The relevance of short films grows in the structure of what they represent. Usually they function as a business card but more and more, if it can show an inherent basis for an ongoing story, it has the possibility of becoming a series. The Palm Springs Shortfest highlights this art form in an area which is known for its Hollywood ties.
Opening Night percolated through with “Laughing Matters”. The short with the most visceral impact was “The Pledge For Mr. Bunny” which functioned more as a Terry Zwigoff ode than anything else where the inherent dialogue because a kid egregiously wants to go through a car wash (even on his bike) spells the answers for the medical prayers of his young sister’s plush toy. “Penny Dreadful” brings to mind if Wednesday Adams was raised by a normal family and then was kidnapped for ransom. There is a bit of “Raising Arizona” in the mix as the bumbling husband trying to make his wife happy is not unlike Nicolas Cage’s Hi. While “Killing Vivian” tries with interest (especially with the always creepy Missi Pyle) as well as “Chopper” (with a little too much wanton CG), they never quite live up to their possibilities.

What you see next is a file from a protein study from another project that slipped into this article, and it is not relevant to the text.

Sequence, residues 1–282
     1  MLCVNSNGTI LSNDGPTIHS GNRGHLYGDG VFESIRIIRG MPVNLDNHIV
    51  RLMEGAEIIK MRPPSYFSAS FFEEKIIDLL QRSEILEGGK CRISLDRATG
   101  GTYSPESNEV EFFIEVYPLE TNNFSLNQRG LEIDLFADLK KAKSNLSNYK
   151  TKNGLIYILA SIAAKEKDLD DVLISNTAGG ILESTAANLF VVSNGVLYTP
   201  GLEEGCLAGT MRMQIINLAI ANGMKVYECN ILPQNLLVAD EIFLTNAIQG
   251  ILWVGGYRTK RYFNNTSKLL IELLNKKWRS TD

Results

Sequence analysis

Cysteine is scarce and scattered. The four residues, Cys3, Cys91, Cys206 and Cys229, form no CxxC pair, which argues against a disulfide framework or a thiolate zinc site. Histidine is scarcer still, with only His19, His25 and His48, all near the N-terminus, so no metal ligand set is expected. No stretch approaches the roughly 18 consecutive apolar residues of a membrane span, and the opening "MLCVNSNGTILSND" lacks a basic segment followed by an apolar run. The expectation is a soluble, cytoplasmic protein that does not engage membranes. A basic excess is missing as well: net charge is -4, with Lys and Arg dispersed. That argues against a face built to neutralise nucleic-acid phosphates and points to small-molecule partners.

“Amazing Animation” takes more of an international approach but its wares actually dictate the differences which refer and motivate traditional values. “The Banquet Of The Concubine”, oddly enough made in Canada, is an interesting progression of Chinese etiquette from the form of a mistress. The fluidity and texture (like it was drawn on a panel) is quite indicative. “Cicada Princess” shows the romantic cycle of life and death through a type of beetle. The imagery is quite scaled in a wonderful sort of way while the sense of depth really gives a feeling of elegance. “Kiki Of Montparnasse” is the most ambitious by far incorporating all sorts of different animation processes to create a triptych of this woman’s life with a distinct amount of lurid poignancy. “Waterwheel”, dark in its intonations and hailing from Mexico, shows an inherent reflection of death in a father’s eyes but the resolution that betrays him very much reflects in the puppet’s watery eyes.